The Summer of Lovecraft: Curse of the Crimson Altar (1968)


“Terror fills the night as she stalks her prey!”

Directed by Vernon Sewell

Starring Boris Karloff, Christopher Lee, Mark Eden, Virginia Wetherell, Barbara Steele and Michael Gough. Blimey.

This film connects to both our Christopher Lee retrospective and the ongoing Summer of Lovecraft. Economical!

The Story

It’s our second outing for “The Dreams in the Witch House,” so I’ll be brief. Physics student believes physics and witchcraft may be related; he is right. Old house, weird room, rat monster, interdimensional travel, baby-murdering, anti-Polish prejudice, heart eaten. OK? OK.

The Film

Antique dealer Robert Manning goes back to his family’s ancestral village of Greymarshe to look for his missing brother. While there, he encounters local squire type Morley (Lee), his beautiful daughter Eve (Wetherell), nervous butler Elder (Gough) and grumpy old professor Marshe (Karloff), together with his sunglassed factotum Basil. Eve has a wild hippie party that is totally unimportant to the plot except that as soon as Manning arrives at remote Craxted Lodge we get to see some tasteful seminudity.


You wouldn’t think an 80-year-old man with crippling arthritis could run rings around everyone else in this movie, but whaddya know?


Manning’s search for his brother seems conveniently fruitless, but during his stay he has weird dreams in which he is menaced by a witch (Barbara Steele). This turns out to be Lavinia Morley, the witch of local legend — and more research reveals that it was Manning’s own great-great-whatever that led the accusers who burned her. Whoops!


Separated at birth?

It turns out there’s a secret passage in Madding’s room that leads to a witchity altar. But wait — Morley is the villain, and the whole witch thing is just him hypnotising Madding as part of a mad revenge scheme. He tries to stab Eve, but Marshe turns up and saves the day. Morley burns the lodge down, but our heroes escape, reflecting on how the whole thing was just Morley’s insanity … or was it?!

What’s wrong with it?

Well, it’s not exactly a masterpiece of tight plotting, frequently pausing for some bosoms or spinning out Manning’s investigation by having him conveniently forget to do something blindingly obvious (like mention what his brother looked like when trying to find him) or spot that something super shifty is going on.

What’s right with it?

The film looks not bad, and the performances are pretty good, Karloff especially. Lee doesn’t get much to do except make some faces at the end, but Karloff is just splendid, playing grumpy old sod and village detective with the same delicacy. Also Virginia Wetherell’s mischievous face is very good.

How bad is it really?

It’s not bad. It’s a piece of derpy, sensationalistic entertainment, with pretty girls and fireworks and people creeping around old houses and kind of a Scooby-Doo plot twist. It is very, very loosely connected to “The Dreams in the Witch House.” There is definitely a witch house, and a dude definitely has some dreams there, but other than that it’s a stock Gothic of the kind they were making all the time in the 60s. Better than some, worse than others.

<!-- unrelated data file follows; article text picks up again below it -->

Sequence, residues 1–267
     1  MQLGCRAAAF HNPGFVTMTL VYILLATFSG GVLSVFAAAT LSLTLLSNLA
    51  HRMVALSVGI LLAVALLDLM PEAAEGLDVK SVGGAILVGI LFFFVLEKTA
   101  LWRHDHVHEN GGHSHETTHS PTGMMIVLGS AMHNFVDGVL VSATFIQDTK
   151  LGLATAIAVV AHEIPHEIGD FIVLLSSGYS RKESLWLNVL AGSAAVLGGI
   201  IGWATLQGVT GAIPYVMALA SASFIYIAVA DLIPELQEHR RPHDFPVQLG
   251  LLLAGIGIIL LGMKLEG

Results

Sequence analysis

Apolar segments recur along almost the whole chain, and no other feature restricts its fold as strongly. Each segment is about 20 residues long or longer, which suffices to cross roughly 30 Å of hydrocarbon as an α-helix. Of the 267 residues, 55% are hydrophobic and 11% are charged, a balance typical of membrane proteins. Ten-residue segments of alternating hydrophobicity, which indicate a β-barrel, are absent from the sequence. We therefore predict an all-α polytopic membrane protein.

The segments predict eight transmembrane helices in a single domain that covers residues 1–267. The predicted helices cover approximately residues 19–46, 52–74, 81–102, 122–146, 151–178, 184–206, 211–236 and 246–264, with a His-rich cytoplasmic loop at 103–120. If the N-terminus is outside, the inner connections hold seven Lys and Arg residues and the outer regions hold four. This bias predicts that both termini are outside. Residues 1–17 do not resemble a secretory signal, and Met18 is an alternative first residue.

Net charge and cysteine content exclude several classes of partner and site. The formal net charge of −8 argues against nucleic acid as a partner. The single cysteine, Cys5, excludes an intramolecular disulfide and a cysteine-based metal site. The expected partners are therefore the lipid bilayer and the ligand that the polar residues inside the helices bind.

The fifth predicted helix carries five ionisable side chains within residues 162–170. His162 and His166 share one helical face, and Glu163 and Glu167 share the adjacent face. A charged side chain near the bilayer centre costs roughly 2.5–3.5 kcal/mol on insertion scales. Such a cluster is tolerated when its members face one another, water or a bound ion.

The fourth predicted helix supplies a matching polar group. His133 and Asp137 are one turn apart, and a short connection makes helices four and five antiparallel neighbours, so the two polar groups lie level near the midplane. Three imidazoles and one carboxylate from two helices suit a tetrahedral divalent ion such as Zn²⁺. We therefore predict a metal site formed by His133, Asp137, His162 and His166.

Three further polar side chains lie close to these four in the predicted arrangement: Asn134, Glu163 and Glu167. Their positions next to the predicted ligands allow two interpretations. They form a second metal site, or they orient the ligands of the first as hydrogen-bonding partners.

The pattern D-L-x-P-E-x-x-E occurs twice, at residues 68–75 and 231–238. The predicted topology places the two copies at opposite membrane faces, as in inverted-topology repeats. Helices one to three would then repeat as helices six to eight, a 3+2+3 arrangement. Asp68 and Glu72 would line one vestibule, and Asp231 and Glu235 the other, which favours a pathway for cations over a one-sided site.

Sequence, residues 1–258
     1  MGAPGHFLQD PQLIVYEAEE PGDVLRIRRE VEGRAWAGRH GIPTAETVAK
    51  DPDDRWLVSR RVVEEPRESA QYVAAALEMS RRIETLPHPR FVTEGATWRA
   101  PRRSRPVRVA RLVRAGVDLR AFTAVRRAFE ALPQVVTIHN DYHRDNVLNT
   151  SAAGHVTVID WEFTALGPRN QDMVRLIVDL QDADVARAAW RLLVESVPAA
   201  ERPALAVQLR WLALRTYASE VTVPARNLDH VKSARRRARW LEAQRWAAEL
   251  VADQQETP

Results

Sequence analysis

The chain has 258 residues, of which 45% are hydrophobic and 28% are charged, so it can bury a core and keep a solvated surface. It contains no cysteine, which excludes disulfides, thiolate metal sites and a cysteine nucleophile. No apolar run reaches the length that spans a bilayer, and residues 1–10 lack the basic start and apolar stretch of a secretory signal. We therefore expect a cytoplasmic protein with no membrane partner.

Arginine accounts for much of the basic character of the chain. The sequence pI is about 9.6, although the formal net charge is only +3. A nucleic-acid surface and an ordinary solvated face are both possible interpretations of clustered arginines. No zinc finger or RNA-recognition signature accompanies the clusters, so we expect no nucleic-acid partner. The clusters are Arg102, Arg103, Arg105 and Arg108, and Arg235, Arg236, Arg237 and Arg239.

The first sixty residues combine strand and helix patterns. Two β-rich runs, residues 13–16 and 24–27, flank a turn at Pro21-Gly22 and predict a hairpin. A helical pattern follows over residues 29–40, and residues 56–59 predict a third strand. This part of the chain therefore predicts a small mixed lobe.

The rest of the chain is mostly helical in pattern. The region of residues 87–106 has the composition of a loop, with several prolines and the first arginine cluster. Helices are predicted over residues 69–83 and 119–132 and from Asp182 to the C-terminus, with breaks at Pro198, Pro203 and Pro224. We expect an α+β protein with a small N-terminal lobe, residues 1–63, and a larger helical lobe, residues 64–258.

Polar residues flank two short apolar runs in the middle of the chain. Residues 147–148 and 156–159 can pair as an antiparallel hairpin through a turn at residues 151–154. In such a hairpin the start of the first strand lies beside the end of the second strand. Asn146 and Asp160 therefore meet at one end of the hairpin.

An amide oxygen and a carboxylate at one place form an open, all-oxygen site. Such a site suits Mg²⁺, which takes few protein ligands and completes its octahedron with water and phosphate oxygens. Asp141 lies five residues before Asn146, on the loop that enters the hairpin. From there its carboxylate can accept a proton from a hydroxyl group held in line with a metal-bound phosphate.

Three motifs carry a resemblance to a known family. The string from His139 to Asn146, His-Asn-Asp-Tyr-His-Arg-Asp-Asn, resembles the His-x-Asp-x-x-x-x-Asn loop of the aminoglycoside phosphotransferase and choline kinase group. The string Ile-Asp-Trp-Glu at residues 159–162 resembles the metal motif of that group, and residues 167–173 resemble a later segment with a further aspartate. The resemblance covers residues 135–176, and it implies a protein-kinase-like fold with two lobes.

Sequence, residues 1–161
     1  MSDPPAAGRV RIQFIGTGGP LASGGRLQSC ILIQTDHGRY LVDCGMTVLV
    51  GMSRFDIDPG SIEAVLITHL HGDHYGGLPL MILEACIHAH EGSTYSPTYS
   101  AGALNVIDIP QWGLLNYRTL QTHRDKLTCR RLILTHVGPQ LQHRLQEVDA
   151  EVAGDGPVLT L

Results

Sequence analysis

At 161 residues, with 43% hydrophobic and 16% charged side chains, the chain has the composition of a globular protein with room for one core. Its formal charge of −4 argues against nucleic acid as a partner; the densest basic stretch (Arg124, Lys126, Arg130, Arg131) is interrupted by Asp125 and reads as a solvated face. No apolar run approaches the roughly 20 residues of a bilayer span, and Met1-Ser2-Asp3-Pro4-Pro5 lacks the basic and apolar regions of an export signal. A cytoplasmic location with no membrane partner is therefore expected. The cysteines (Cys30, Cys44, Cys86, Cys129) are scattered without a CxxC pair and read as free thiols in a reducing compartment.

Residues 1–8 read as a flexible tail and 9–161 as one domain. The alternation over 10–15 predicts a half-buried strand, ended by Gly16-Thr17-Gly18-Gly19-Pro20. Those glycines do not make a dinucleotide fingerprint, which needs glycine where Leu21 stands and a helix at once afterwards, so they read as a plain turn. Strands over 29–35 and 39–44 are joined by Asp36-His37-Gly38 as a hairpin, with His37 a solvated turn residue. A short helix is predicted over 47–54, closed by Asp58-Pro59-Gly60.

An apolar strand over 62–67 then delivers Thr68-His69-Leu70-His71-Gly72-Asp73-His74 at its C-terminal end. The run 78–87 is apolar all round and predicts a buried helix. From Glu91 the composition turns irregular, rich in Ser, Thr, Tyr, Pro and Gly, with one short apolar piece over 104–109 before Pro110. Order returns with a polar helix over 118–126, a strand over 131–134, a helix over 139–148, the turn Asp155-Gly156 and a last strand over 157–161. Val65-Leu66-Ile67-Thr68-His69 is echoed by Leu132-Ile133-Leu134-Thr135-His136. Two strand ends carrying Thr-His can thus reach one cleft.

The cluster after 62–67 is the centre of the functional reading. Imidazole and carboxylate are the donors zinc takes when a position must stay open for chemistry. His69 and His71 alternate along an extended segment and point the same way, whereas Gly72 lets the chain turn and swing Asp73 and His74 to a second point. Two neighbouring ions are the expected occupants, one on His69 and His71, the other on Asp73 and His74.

Best bit (if such there is)?

Marshe tells Manning he has a little collection of his own. Manning: “what do you collect?” Marshe (brightly): “Instruments of torture!”

What’s up with…? 

  • Morley’s hypno-lamp? Couldn’t they have come up with something a bit more menacing than an Italian flag?
  • The goat puppet? It would be scarier if it didn’t look so much like a My Little Pony. That may be intentional, though.
  • Eve’s swinging friends? How many swingers are there in the village of Greymarshe? Or are they all from out of town? I hope they’re not driving in that state.
  •  Basil? I get an old man having someone to help him out. A black-uniformed, gun-toting guy who can’t speak is just for style, I imagine.
  • Lavinia’s outfit? When I think 17th-century witchcraft, I’m not sure that’s where I go right off the bat.
  • The sexual morality of the 1960s? I think we’re meant to think that Manning is a cool swinger, but he comes off as a pushy, desperate creep.


Production values Not bad: good sets, varied locations, rudimentary effects but then that’s 1968 for you. 5.
Dialogue and performances The worst are competent, and the best are pretty good! 4.
Plot and execution Pretty thin stuff. 14.
Randomness The core story makes sense, but there are a lot of random embellishments. 13.
Waste of potential Another Lovecraft story turned into another by-the-numbers Gothic. Ho hum. 14.

Overall 50%


One thought on “The Summer of Lovecraft: Curse of the Crimson Altar (1968)”

Leave a Reply

Fill in your details below or click an icon to log in: Logo

You are commenting using your account. Log Out /  Change )

Google+ photo

You are commenting using your Google+ account. Log Out /  Change )

Twitter picture

You are commenting using your Twitter account. Log Out /  Change )

Facebook photo

You are commenting using your Facebook account. Log Out /  Change )


Connecting to %s

This site uses Akismet to reduce spam. Learn how your comment data is processed.